Europe 2017 - Searching for Vincent Van Gogh

Vincent Van Gogh has been one of our favorite artists for decades, and we have often taken the opportunity to visit museums displaying his work. We have frequently visited the Van Gogh Museum in Amsterdam, but also sought out his work in other places such as the Art Institute in Chicago, the Musée d'Orsay in Paris, the British National Gallery in London and more recently, the Kroller Mueller Museum in Otterloo near Arnheim, in the Netherlands.,

Portions of Van Gogh's life are familiar to many. In February of 1888, he was living in Paris with his brother, Theo. During the two years he had lived there, he had been able to study and meet many of the Impressionists, forming friendships with several, including Bernard and Gauguin. However, Paris was not good for his mental and physical health and he decided he needed to move south to Arles where the climate was milder and he could live more inexpensively.

He boarded a train and arrived in Arles on February 18. In May, he moved into the "little yellow house" and embarked on his incredibly productive mature period, painting rural country scenes outdoors, portraits of friends, still lifes, and scenes of the town. In July, Paul Gauguin arrived to become his house mate and they painted together and argued. Vincent's prodigious painting, mostly outdoors when the weather permitted, stimulated him, but the intensity at which he worked had a degrading impact on his physical and mental health and he suffered epileptic seizures, hallucinations, and mood swings. His health continued to go downhill and in April, 1889, he checked himself into an asylum in nearby St. Remy, where he continued his work when he was well enough.

Being familiar with his life story, we had often thought to visit Arles, to experience the sunlight, starry night sky, and vibrant landscapes that had inspired Vincent. So, naturally, we included a stay there in our journey through the South of France.

Arriving in Arles, we settled in a nice small studio flat right in the centre, just 100 meters from the banks of the broad River Rhone. A walking tour, lead by a lively and knowledgeable guide, enabled us to visit the locations where Vincent had painted his scenes of Arles.

  • We stood on the spot where the "little yellow house" had stood. (It was destroyed during a bombardment during World War II, but the taller adjoining building is still in use).


  • Nearby was the spot on the river bank where he painted 'Starry Night'.

  • Later we had coffee in the Cafe Nuit, site of his 'Cafe Terrace on the Place du Forum'


  • We visited Hotel Dieu (House of God, or hospital) where he was cared for after one of his depression attacks.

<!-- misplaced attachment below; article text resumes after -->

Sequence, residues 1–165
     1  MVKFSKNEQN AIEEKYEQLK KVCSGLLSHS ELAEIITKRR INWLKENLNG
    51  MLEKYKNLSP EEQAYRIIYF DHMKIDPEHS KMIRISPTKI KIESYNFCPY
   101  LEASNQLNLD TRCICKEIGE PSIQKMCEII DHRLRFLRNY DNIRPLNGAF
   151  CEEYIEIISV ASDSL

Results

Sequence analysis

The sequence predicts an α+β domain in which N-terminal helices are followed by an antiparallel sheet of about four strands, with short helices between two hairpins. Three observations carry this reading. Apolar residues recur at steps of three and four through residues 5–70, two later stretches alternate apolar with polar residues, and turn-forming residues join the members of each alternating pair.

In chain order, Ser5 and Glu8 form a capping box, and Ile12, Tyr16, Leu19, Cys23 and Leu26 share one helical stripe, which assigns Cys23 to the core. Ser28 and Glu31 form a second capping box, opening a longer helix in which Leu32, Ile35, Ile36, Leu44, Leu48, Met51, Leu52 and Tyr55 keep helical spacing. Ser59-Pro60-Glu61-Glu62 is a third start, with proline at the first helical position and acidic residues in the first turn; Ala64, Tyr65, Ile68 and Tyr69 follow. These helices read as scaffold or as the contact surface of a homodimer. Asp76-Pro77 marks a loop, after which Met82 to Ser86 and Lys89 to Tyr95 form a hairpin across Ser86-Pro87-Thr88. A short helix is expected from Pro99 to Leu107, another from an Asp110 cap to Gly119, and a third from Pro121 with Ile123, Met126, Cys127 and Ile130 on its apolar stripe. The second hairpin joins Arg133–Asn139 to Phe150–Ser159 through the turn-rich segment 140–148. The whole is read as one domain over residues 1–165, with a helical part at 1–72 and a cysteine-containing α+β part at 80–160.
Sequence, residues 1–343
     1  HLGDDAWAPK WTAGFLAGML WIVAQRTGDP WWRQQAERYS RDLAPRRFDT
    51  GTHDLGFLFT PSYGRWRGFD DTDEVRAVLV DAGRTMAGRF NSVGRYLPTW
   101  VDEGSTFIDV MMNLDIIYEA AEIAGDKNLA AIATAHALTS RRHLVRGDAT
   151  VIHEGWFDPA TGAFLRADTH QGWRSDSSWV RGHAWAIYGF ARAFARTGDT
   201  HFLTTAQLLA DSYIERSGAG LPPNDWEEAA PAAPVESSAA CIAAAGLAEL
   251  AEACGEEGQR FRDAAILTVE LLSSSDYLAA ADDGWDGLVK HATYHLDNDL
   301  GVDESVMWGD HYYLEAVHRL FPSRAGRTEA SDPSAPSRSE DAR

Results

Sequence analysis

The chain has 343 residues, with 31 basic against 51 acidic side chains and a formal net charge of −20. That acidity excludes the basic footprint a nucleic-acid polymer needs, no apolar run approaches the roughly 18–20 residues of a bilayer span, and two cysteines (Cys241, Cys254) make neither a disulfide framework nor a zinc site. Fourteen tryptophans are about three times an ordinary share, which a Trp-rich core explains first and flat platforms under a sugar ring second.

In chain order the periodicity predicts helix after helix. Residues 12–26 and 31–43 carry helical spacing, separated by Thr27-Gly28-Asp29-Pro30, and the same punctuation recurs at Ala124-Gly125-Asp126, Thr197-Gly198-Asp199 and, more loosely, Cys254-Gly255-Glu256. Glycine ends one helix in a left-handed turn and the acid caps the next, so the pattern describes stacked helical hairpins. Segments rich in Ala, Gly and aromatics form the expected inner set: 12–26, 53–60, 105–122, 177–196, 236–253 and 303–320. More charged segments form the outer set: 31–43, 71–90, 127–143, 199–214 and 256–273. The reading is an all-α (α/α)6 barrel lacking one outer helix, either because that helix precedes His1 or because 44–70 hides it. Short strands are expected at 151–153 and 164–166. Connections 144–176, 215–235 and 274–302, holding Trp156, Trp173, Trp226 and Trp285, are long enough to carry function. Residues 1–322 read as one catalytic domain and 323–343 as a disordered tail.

• We were fortunate to view eight of his paintings at a special temporary exhibit at the Foundation Van Gogh; special for us once we learned that none of his original painting are still in Arles.


    We learned that when he lived in Arles, the open countryside was just 500 meters away, but now development has pushed the fields of sunflowers and wheat farther away. Through a combination of tours and bus rides, we were able to experience the summer heat and light, the sunflowers and wheat, the riverside, and the starry night sky.

    We felt closest to Vincent the day we visited St. Remy! From the center of town, we walked along Avenue Van Gogh, stopping frequently to view locations where he worked, with informative signs that included prints of a picture he had painted and quotes from letters he had written about the spot to his brother Theo and others. He was a fluent writer and expressed deep thoughts about his emotions and notes about his use of color and painting techniques. He expressed his profound love for nature and the joy he felt as he made these expressive pictures.




    Our walk took us to 'Hopital Saint Paul - Saint Remy', the monastery and asylum where he lived.


    A documentation centre included a room furnished as it might have been when he stayed, perhaps little different from his room in 'the yellow house' in Arles ...


    ... and the gardens with sunflowers and lavender in full bloom provided us with a deeper knowledge of his life and treatment there.


    The place is very little changed over the years, but the ghostly visions of him working feverishly away were everywhere.

    The village of St. Remy is a peasant place with the Alpilles Mountains rising up to the south, olive groves, vines, and wheat fields are close at hand, the village centre has cafes, fountains, and charming architecture. Feeling enchanted by our immersion in Vincent's world, we boarded our bus for our return to Arles,.

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